Your role as Placement Manager focuses on Pod Volunteer programs in South Africa and Belize, what does your day-to-day schedule look like?

It’s great as no two days are ever completely the same. I deal with inquiries and applications first thing in the morning, making sure that all volunteers’ questions are answered and sending new applicants information about their chosen project. I then work through emails from volunteers and project staff overseas. The day may include interviewing volunteers for their chosen project, organizing their visa and police check, and organizing their airport pick ups, etc. Whenever we get time, we always try to share some photos and stories with the Pod Volunteer community through our facebook page.

You were the in-country volunteer coordinator for one of the projects in South Africa, how does this experience help you match volunteers with the Cheetah Reintroduction project there?

I think this experience has helped me in two main ways; firstly as you mention, it has helped me to be able to match volunteers to this project as I have seen volunteers on placement (as well as having been a volunteer there myself), and so I understand the requirements and challenges of the project more than most. We always like to be very open and honest about the challenges of each placement with our volunteers, as we want them to be fully aware of these and committed to the role before joining.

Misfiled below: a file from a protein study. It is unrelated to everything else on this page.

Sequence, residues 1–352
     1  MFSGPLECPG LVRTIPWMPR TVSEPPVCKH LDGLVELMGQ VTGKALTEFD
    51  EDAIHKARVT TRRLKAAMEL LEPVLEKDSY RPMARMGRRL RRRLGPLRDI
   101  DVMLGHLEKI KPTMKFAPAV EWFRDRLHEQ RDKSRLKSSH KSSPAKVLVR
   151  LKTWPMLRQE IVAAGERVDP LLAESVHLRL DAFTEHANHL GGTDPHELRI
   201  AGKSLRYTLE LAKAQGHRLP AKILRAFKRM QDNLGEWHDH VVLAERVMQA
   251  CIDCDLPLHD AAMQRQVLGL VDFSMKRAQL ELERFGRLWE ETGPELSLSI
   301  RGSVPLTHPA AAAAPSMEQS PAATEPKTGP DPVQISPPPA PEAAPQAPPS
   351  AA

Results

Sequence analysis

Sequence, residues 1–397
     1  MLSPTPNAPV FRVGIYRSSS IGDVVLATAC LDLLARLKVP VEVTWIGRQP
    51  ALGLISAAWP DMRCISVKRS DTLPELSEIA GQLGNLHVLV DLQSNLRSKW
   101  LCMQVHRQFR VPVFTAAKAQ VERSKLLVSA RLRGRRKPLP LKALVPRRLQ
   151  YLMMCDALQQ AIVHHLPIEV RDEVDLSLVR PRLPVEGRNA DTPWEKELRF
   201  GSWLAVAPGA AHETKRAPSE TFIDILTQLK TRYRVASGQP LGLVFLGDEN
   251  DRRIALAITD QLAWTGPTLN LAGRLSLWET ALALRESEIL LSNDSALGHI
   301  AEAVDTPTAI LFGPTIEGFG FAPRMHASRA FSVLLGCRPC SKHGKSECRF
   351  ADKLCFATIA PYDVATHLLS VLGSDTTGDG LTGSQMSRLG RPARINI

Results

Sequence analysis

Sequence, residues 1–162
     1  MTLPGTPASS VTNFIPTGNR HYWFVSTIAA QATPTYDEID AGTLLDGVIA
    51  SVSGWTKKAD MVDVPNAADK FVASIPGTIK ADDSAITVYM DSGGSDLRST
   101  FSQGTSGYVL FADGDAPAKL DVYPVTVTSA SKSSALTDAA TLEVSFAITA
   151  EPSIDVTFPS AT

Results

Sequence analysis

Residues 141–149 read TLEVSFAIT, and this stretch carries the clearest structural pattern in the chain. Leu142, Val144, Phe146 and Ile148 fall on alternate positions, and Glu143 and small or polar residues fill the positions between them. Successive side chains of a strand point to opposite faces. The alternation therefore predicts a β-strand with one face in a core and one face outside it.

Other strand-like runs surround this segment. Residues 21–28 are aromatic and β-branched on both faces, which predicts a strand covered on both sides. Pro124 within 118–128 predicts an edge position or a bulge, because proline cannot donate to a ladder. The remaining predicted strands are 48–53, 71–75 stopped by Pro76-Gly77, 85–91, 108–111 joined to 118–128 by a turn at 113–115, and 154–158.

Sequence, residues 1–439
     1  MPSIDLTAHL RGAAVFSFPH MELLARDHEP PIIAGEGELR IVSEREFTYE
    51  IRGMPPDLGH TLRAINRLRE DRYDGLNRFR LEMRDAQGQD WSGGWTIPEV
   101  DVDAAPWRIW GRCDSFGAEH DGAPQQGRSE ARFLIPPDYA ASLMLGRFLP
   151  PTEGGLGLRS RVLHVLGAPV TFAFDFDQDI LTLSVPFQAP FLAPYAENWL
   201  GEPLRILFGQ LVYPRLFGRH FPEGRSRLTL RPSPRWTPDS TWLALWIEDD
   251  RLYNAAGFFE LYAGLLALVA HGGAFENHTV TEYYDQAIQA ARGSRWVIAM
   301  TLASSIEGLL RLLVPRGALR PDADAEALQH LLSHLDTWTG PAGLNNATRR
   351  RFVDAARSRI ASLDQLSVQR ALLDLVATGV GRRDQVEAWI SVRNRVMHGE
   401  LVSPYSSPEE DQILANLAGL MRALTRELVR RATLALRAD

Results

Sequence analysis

It has also allowed me to gain a greater understanding of being on the “other side”, and therefore what support projects like to have and how to create a really good working relationship between a volunteer “sending” organization and the project “receiving” organization. 

Holding a vulture in South Africa

With a vulture at a rehabilitation centre in South Africa - Photo Courtesy of Pod Volunteer

As Partner Manager, you also work to build partnerships with other organizations, how many affiliates do you currently have? In what areas are you looking to grow?

We work in partnership with a number of referral sites (such as GoAbroad) to help to recruit volunteers for our projects. I manage the partnerships that we have with our recommended flights and tours provider Journeys are Made, and our recommended insurance provider, Banner. We have partnerships with other organizations who can offer discounted rates for volunteers who are joining a Pod Volunteer project for TEFL courses and pre paid currency cards.